Molecular characterisation of the circulating strains by phylogenetic analysis using the N gene is the most accurate way of identifying the lineage genetics belonging to new strains. This tool is important in understanding the epidemiology of PPRV and in tracking outbreaks in PPR-prone and endemic countries. Such information helps to establish the diversity and circulation of strains in the field, thereby tracing the space–time origin of PPRV and making it possible to estimate the risk of its introduction in the herd (Libeau et al. 2014). This study presents the first molecular confirmation of PPR infection in the states of Kebbi and Kastina (north-west), Abia and Enugu (south-east), and Rivers (south-south) in Nigeria. The sequences obtained showed that the samples tested belong to lineage IV. Previous studies showed that both lineages II and IV were circulating in neighbouring states in 2010-2012 (Mantip et al. 2016; Woma et al. 2016). Further sequencing of PPR-positive samples is needed to assess whether lineage II is still circulating in any of these five states.

The successful molecular findings and virus isolation in this study confirm the active presence of PPRV infections amongst populations of sheep and goats in all six agro-ecological zones, suggesting that PPR is currently endemic virtually everywhere in Nigeria. We, therefore, recommend systematic vaccination with thorough investigation of outbreaks and surveillance to contain outbreaks within the affected locations, states and regions of the country. We also recommend strengthening of the surveillance system, with emphasis on early detection, in epidemiologically closely linked administrative units (local government areas) to which the disease could potentially spread. Such interventions should be in line with broader regional and national control programmes for PPR in Africa.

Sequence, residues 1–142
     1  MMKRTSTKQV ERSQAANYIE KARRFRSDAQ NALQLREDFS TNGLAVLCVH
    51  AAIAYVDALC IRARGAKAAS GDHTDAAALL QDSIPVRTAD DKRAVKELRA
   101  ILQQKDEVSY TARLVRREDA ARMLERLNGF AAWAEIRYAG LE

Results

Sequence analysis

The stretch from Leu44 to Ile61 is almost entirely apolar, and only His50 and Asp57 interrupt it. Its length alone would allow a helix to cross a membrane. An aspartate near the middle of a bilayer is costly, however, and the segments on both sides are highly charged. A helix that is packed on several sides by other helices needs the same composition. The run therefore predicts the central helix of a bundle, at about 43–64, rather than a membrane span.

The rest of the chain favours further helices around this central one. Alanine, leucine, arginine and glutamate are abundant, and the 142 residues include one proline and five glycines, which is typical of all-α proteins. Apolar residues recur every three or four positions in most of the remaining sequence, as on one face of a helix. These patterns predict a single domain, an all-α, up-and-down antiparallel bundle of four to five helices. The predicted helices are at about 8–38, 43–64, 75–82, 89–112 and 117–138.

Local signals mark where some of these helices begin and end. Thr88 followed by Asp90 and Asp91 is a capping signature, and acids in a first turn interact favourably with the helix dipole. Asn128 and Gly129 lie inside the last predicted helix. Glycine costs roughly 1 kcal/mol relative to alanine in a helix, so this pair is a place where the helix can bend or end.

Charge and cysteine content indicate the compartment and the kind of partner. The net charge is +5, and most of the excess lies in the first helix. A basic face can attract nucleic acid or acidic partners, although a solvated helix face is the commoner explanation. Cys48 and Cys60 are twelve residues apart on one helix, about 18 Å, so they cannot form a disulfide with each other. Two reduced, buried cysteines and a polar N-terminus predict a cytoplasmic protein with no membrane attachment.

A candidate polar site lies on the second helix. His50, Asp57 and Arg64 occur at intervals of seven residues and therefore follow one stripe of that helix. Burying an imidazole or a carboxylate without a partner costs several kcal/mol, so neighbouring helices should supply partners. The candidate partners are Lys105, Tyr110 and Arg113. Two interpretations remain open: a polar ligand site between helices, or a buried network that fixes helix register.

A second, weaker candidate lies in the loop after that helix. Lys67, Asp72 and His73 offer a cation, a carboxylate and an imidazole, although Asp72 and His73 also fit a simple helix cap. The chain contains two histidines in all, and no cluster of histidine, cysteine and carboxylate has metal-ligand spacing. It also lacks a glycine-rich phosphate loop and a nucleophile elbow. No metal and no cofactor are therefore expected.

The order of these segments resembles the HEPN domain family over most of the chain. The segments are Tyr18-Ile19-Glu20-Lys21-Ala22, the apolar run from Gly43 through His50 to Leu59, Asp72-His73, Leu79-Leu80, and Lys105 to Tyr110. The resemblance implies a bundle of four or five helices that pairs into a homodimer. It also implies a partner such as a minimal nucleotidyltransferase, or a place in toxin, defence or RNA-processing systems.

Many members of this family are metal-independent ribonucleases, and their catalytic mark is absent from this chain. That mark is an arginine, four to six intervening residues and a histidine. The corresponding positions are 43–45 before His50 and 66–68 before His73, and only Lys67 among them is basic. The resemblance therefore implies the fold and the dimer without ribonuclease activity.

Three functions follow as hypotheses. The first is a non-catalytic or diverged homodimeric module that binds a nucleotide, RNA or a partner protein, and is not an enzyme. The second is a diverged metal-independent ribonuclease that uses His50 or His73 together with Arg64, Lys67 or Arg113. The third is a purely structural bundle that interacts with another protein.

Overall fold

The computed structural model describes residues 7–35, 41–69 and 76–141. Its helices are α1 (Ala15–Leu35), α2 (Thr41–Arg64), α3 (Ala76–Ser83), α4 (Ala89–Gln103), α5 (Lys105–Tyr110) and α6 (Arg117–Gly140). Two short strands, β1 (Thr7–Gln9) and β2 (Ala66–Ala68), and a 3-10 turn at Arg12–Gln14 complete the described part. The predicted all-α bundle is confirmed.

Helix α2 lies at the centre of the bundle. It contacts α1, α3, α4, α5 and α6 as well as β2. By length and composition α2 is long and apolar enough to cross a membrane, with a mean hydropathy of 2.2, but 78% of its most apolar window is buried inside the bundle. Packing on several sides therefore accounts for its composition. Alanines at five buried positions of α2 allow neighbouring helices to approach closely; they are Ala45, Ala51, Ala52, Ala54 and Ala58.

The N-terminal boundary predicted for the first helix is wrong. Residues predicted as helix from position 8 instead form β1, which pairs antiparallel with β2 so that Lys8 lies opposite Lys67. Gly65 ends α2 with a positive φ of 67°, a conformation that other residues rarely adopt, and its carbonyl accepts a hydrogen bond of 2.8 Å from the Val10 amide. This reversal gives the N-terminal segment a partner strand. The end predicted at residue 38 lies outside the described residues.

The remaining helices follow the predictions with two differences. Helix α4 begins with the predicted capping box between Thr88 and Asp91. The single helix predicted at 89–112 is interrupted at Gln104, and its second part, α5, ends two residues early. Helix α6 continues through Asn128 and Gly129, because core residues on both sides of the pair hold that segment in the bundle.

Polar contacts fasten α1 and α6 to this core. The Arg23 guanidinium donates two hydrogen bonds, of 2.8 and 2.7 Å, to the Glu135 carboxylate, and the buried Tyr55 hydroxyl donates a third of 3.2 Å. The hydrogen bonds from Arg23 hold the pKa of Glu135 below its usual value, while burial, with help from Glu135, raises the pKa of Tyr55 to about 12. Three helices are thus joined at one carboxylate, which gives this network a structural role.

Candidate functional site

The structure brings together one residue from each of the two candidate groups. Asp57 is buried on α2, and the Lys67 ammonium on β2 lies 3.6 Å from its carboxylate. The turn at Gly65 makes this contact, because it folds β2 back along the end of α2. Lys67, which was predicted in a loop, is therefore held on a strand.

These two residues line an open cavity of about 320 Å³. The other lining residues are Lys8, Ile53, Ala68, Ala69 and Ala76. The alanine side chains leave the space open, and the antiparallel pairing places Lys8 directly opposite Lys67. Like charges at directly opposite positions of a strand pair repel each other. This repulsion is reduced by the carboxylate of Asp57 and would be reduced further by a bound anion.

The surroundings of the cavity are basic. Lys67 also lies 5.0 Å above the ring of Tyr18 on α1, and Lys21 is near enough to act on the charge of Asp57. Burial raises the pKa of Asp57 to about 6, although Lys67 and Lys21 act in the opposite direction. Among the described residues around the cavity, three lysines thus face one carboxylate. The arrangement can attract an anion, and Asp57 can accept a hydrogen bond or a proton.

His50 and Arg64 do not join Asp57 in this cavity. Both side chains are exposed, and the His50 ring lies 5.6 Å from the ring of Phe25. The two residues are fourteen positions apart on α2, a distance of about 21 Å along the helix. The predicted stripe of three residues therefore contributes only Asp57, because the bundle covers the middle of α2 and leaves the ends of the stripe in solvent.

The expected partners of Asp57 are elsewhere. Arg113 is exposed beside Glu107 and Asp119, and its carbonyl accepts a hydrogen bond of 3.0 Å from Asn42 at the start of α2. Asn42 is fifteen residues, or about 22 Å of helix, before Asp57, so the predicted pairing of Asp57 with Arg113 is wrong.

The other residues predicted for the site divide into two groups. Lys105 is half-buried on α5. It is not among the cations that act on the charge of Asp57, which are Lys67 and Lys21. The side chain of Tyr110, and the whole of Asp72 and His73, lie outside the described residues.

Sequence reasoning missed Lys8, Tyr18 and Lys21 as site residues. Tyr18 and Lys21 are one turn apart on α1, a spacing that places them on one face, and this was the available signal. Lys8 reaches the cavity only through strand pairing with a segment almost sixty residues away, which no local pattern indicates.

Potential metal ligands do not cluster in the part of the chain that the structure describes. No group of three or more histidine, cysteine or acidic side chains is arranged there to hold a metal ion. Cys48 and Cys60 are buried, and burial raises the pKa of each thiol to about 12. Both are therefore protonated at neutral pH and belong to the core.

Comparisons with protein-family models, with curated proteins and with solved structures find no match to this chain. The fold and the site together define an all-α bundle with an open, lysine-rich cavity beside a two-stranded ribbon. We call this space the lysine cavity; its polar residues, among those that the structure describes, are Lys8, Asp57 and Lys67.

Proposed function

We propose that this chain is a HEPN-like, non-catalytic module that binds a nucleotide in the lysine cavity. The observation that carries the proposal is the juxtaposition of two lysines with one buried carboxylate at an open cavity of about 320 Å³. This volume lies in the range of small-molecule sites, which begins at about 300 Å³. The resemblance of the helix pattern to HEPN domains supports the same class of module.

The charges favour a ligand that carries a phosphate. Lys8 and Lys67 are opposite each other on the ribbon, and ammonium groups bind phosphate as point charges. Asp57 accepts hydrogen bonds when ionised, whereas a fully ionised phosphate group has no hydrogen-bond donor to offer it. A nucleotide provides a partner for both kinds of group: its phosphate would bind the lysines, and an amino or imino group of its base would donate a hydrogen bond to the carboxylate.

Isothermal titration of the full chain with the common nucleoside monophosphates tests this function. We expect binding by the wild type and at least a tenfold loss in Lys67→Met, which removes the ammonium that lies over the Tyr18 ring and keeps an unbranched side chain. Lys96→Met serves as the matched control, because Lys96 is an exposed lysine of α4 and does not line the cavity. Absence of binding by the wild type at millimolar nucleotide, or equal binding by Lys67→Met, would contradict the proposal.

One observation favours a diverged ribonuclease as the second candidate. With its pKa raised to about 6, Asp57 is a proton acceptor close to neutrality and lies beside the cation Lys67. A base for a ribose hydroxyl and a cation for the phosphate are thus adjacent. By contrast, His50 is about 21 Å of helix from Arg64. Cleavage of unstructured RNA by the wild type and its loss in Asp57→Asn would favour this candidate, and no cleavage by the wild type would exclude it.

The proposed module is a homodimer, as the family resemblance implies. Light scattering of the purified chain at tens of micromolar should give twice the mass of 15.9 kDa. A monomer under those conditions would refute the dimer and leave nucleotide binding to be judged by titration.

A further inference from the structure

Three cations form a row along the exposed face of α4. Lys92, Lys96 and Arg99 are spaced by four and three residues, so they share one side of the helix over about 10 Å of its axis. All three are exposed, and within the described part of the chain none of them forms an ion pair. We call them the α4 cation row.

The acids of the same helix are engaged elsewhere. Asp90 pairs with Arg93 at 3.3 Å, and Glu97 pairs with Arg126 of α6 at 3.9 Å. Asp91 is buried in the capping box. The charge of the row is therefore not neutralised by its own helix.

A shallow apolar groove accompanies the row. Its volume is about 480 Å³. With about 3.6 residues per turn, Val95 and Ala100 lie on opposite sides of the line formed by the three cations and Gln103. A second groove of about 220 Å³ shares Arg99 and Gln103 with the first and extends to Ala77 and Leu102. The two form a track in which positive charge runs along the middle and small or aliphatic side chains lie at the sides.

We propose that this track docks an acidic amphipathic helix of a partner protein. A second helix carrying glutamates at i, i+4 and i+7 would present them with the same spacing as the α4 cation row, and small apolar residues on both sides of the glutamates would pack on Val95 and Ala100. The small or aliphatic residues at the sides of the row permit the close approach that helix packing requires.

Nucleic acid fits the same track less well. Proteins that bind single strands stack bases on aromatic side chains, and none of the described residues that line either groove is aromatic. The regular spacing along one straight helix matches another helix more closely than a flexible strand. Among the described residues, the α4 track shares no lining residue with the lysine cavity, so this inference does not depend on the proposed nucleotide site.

Acknowledgements

Competing interests

The authors declare that they have no financial or personal relationships that may have inappropriately influenced them in writing this article.

Authors’ contributions

S.E.M., A.B., G.L., D.S. and S.F. conceived and planned the experiments. S.E.M., M.N., A.J., A.M.Q., S.A., I.M., O.E., I.F. and G.A. collected the samples. S.E.M. and A.S. performed laboratory analyses. S.E.M., A.S. and A.B. analysed the results. S.E.M., A.S., A.B., D.S., T.Y.W., G.L. and S.F. interpreted the results. S.E.M. and A.B. wrote the first draft of the manuscript. All co-authors critically revised and approved the final version of the manuscript.

Funding information

This research article was funded by the European Commission Directorate General for Health and Food Safety (Grant No. SI2.756606) awarded to the European Union Reference Laboratory for Peste des Petits Ruminants (EURL-PPR) and by a grant from European Commission (Development Cooperation Instruments) awarded to the project ‘EU Support to Livestock Disease Surveillance Knowledge Integration – LIDISKI’ (FOOD/2019/410-957) in the framework of the Development of Smart Innovation through Research in the Agriculture (DeSIRa) programme.

Data availability

The data supporting the findings of this study are freely available in GenBank at https://www.ncbi.nlm.nih.gov/ (accession numbers: MT193235, MT193237, MT193247, MT193249 and MT193250).

Disclaimer

The views expressed in the article are those of the authors and not an official position of the institution or funder.

References

Adombi, C.M., Lelenta, M., Lamien, C.E., Shamaki, D., Koffi, Y.M., Traore, A. et al., 2011, ‘Monkey CV1 cell line expressing the sheep-goat SLAM protein: A highly sensitive cell line for the isolation of peste des petits ruminants virus from pathological specimens’, Journal of Virological Methods 173(2), 306–313. https://doi.org/10.1016/j.jviromet.2011.02.024